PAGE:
A Step-by-Step Guide to Creating Your Value Proposition

Florida-based Bay & Bee, an eco-friendly children’s play space supplier, doubled its retail space in nine months, all thanks to their value proposition!* Who says you don’t need a strong value proposition these days?

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The majority of businesses struggle with clearly articulating why they’re unique and oftentimes feel as though they’re “just like everyone else.” The downside is if you feel that way, so will your customers.

But if you take a little time to thoughtfully analyze your business, your primary target market, and your products and services—small, unique things you may take for granted can surface and become golden nuggets for your value proposition.

Equally important, you must not only carefully create your value proposition, you should communicate it loudly and often in order for it to resonate and become a true game-changing differentiator for you.

What the Heck Is a Value Proposition, Anyway?

According to Wikipedia:

A value proposition is a promise of value to be delivered and acknowledged and a belief from the customer that value will be delivered and experienced. A value proposition can apply to an entire organization, or parts thereof, or customer accounts, or products or services.**

As the definition suggests, you can have more than one value proposition. You can have one for your business, individual product lines, or individual services. For purposes of our discussion, we’ll focus on value propositions for your entire business. Cool?

Why Is Creating a Value Proposition So Darn Important?

Developing your value proposition, or unique selling proposition or positioning statement, is one of the most important things you can do for your business.

It’s the cornerstone from which you will position and sell every product or service you ever bring to market. Pretty important, right? And it’s just plain hard to sell and compete in the marketplace with NO differentiator.

Think about it for a second. Think about the thousands of people and businesses who spend time, energy, and effort to differentiate themselves by doing things like obtaining degrees and certifications, spending years in one profession to reach “expert” status, writing books, giving speeches, working with marketing consultants—and the list goes on.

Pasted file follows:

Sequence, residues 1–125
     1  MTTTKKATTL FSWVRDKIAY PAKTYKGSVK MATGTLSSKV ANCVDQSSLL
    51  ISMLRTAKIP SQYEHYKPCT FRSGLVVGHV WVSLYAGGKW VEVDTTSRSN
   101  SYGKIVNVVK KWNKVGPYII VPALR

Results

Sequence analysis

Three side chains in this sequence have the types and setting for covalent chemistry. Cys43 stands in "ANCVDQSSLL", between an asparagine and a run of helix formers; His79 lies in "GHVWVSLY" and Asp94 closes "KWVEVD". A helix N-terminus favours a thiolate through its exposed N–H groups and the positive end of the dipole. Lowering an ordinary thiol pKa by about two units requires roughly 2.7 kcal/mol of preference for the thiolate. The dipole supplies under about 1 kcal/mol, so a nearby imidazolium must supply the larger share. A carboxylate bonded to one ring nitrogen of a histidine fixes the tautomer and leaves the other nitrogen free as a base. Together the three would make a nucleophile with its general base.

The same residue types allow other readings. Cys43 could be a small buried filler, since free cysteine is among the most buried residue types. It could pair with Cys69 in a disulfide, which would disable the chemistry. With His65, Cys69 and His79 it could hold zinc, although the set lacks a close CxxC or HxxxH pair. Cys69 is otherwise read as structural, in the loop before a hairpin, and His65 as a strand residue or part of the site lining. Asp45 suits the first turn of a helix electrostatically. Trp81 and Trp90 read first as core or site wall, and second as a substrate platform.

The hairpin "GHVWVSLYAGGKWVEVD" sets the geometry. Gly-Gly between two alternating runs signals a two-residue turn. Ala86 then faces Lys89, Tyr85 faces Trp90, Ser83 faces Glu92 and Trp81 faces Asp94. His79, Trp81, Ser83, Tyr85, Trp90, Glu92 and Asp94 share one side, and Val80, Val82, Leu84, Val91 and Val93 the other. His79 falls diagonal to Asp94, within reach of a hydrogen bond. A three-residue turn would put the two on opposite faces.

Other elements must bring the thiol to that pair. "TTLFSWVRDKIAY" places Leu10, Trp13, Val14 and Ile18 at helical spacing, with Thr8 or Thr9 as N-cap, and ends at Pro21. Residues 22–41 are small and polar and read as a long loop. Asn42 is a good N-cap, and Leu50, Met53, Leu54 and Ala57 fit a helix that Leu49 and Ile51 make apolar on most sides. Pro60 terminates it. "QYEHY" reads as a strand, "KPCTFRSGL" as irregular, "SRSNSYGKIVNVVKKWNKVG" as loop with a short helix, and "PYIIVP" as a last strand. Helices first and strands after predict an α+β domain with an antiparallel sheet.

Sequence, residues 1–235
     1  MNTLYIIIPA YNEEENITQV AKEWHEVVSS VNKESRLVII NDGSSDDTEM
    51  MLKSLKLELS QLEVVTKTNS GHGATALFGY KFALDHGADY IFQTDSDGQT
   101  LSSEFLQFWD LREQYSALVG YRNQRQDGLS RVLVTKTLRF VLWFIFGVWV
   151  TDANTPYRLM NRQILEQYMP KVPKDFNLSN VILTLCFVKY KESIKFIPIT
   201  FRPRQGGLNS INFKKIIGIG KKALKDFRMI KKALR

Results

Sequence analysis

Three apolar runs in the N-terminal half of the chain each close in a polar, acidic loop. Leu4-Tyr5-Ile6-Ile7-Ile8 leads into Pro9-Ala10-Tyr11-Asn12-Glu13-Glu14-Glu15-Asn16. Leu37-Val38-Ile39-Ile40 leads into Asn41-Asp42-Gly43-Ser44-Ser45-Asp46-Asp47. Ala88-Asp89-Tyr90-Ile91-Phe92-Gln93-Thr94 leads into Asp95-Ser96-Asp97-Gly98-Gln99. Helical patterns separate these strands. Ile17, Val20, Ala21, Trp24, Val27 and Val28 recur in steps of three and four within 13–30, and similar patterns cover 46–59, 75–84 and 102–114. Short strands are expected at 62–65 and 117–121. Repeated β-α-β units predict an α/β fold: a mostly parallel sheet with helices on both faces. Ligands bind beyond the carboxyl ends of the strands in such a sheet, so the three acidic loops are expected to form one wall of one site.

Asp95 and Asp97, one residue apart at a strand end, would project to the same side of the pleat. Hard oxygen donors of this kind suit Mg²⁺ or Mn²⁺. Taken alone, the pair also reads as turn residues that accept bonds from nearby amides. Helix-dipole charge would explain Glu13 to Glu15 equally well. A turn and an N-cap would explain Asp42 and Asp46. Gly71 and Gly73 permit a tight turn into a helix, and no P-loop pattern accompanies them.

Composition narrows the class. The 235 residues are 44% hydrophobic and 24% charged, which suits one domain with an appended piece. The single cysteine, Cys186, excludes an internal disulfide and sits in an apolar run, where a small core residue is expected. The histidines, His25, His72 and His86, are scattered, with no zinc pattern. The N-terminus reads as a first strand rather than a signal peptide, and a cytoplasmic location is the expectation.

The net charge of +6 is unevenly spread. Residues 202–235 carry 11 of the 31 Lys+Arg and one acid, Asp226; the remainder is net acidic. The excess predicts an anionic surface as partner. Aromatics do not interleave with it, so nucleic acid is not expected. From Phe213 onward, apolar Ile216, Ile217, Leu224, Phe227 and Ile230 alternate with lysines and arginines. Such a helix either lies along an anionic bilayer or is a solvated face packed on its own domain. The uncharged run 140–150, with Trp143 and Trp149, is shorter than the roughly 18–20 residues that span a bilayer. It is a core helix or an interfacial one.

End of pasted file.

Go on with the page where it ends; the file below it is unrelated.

There’s a reason for this. The right, wrong, weak, or no-value proposition can make or break your business. Period.

Examples of Good Value Propositions

  • FedEx: When Your Package Absolutely Positively Has to Get There Overnight
  • Target: Expect More. Pay Less.
  • Southwest Airlines: You Are Now Free to Move About the Country
  • Men’s Warehouse: You’re Going to Like the Way You Look, I Guarantee It
  • Bay & Bee: A locally-owned small business, inspired by Montessori and Waldorf educational principles to create a stimulating eco-friendly play environment.
  • JustPositionIt!: Create Messaging that Mesmerizes and Monetizes

A Step-by-Step Guide to Creating Your Value Proposition

Here is a six-step guide to creating your value proposition.

Step 1 – Talk to the Right Audience

This may seem so obvious, but it’s not. Many times businesses start thinking of catch phrases, features, and slogans without any consideration of who will be using or consuming the product or service. It’s easy to do since you are likely very close to your product and believe you have a great product to offer. But take a step back and pinpoint precisely who your value proposition is meant to target.

Remember: You cannot be all things to all people. It’s tempting to try but simply impossible.

For example, if your business sells motorized skateboards, don’t immediately start by thinking about the bells and whistles, colors, and cool gadgets—think about who you are selling the product to. You likely are selling to a young male between the ages of 13 and 20. Keep this at the forefront and continue to Step 2.

Step 2 – What Does Your Audience Desire?

Taking Step 1 a bit further, really think about what your audience desires—really desires. What motivates them? It is more money, time savings, entertainment, more time with family, fame, social consciousness, sex, to feel loved, to be seen as cool?

This is where something called “buyer personas” come in. Simply put, a buyer persona is a general synopsis of who your ideal customer is. Buyer personas outline:

  • Job role and title
  • Industry
  • Demographics
  • Biggest challenges
  • Goals